Bill Gates visits IFAD Headquarters for talks with IFAD President, Kanayo F. Nwanze

Yesterday morning Bill Gates met with IFAD President, Kanayo F. Nwanze and discussed common goals of the Bill & Melinda Gates Foundation and IFAD.

Messrs Gates and Nwanze iteriated that poverty reduction in rural areas of developing countries – where most of the world’s poorest people live – and investment in agriculture as a key engine of economic growth are top priorities for their respective institutions.

Both the foundation and IFAD are working with partners to foster a new ‘green revolution’ in Africa through a number of initiatives. Along with other donors and partners, the Bill & Melinda Gates Foundation supports AGRA (the Alliance for a Green Revolution in Africa), an Africa-based and African-led partnership to help millions of small farmers and their families lift themselves out of poverty and hunger. IFAD signed a Memorandum of Understanding with AGRA to work with small farmers in Africa.

Key areas for action to enable small farmers to break the cycle of hunger and poverty for both the Bill & Melinda Gates Foundation and IFAD are:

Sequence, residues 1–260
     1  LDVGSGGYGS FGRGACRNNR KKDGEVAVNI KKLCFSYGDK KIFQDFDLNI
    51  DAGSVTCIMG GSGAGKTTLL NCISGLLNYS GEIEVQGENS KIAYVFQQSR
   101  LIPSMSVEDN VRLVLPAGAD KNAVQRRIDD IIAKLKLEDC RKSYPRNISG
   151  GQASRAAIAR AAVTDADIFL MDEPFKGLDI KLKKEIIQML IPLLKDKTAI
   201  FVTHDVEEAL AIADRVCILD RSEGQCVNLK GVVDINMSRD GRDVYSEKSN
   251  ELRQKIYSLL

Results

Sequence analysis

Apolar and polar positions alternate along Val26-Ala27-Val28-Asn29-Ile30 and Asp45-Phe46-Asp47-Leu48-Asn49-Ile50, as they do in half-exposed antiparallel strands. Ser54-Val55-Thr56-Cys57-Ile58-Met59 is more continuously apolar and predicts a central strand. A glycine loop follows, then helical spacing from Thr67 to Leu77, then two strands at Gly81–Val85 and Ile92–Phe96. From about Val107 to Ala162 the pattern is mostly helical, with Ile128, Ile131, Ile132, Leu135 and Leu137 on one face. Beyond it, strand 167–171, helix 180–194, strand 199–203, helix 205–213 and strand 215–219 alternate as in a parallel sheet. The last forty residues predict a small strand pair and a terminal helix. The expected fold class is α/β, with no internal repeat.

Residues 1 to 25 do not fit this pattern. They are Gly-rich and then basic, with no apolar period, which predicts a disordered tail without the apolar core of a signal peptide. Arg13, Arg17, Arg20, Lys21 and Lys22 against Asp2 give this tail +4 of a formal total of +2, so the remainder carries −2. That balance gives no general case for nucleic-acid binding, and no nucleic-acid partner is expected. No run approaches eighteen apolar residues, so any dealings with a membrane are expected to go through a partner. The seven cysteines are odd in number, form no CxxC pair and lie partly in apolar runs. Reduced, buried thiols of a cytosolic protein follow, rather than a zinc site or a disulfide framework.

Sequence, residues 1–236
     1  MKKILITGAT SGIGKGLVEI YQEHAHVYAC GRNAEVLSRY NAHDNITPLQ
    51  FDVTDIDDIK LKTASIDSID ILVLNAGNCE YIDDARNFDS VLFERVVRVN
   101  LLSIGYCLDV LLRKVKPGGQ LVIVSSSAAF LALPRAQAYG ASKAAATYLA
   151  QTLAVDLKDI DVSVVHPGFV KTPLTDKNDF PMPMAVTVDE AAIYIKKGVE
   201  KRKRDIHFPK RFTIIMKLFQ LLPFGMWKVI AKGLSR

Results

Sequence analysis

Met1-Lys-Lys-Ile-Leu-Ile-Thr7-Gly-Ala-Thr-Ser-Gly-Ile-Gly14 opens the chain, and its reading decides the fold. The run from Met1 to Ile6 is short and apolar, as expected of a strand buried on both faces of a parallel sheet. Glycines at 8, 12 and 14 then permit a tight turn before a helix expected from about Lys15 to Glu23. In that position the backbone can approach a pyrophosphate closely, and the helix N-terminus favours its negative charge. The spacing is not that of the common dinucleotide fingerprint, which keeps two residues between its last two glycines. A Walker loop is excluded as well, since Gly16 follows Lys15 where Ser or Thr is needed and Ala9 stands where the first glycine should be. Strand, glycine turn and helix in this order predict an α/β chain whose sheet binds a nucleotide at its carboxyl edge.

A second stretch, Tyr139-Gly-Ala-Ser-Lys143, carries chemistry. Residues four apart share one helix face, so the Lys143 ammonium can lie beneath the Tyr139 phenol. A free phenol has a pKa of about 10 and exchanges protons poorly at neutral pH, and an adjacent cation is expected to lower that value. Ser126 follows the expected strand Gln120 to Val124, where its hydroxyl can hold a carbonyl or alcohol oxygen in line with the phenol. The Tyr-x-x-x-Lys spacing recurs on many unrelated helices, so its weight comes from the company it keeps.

• In developing countries, women do most of the work on farms and agricultural development programs must address gender in order to most effectively reduce hunger and poverty.
  • Small farmers often need a range of services to fully realize their potential—from access to markets, better seeds and more fertile soil, to better farm management practices, storage and transport facilities and market information.
  • Technologies and innovations must be developed to meet the needs of the poorest people.
“I have noted what the Bill & Melinda Gates Foundation does in agriculture, and there is quite a lot of convergence with IFAD,” Nwanze said during the meeting. “Your focus on smallholder farmers is one that IFAD shares. We are helping farmers improve their livelihood – from more productive agricultural practices to better processing and marketing – and making sure they have access to vital financial services”.

One area of common interest Nwanze discussed is research to find breakthrough technologies for smallholder agriculture and the institutional mechanisms required for its expansion. He said the potential of Nerica rice, a high-yielding, protein heavy strain, to improve food security has yet to be fully tapped in Africa.